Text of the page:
Why not test the same patients as Lombardi, et. al? That’s been done. The Singh and Levy studies both retested reported positives from WPI. The Blood Working Group study also used reported positives from WPI and Lo, et al. Those studies were all negative. Dr. Lipkin did not explicitly address this issue in the press conference, but I assume that the point was to start with a fresh cohort and try to replicate the association between these viruses and CFS.
Were the samples handled correctly? As far as I can tell, yes. Dr. Lipkin spent significant time at the press conference this morning addressing the issue of why blood was used in this study. This is important, because after the negative replication attempts began to pile up, XMRV-theory supporters began claiming that the virus could not be detected in blood, but could be found in tissues. The question was raised again this morning by both Hillary Johnson and Deborah Waroff. Dr. Lipkin and Dr. Alter both said that the reason blood was used in this study is because both the Lombardi and Lo studies found XMRV/pMLVs in blood. I’m not sure why this gets lost in discussions about XMRV. The Lombardi paper found XMRV in 67% of the CFS blood samples they analyzed. It wasn’t tissue; it wasn’t lymph; it was blood. So an attempt to confirm the Lombardi and Lo findings has to look at the blood.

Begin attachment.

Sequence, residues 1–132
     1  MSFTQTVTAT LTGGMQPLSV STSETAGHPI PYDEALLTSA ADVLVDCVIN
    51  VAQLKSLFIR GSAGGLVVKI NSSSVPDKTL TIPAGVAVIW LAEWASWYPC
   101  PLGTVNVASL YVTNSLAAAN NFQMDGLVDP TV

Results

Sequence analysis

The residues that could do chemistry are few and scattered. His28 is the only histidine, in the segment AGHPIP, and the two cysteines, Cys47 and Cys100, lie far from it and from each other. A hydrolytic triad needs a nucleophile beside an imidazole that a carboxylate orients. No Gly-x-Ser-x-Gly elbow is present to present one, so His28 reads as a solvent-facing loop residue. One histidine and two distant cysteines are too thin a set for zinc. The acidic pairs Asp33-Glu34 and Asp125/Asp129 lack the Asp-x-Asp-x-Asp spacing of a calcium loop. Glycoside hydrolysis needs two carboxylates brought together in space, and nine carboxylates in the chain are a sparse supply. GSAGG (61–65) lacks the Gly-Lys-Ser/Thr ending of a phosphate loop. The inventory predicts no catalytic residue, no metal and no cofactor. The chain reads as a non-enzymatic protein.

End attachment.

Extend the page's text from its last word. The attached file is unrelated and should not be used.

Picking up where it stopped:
For the Lipkin study, blood was drawn fresh from patients and controls between 10am and 2pm, within the same season (to control for possible communal infections and diurnal variations). The blood was treated with EDTA (an anticoagulant) and shipped overnight to Columbia University where the coding and sample splitting was done. The Lombardi Supplemental says that blood samples were treated with sodium heparin, a different anticoagulant. There is no information provided about the time of day or time of year that samples were collected, nor the length of time samples were stored before the study. I’ve seen some claims online that the type of anticoagulant used makes a difference, but I have no information to say for sure either way.
After coding, each sample in the Lipkin study was divided into multiple aliquots. There were four testing sites (more on this in the next section): CDC, FDA, Dr. Hanson’s lab at Cornell, and Dr. Ruscetti’s lab at NIH. Each group received a double set of samples – 2 each of every patient and control. In addition, the groups received artificially spiked positive controls and known negative controls.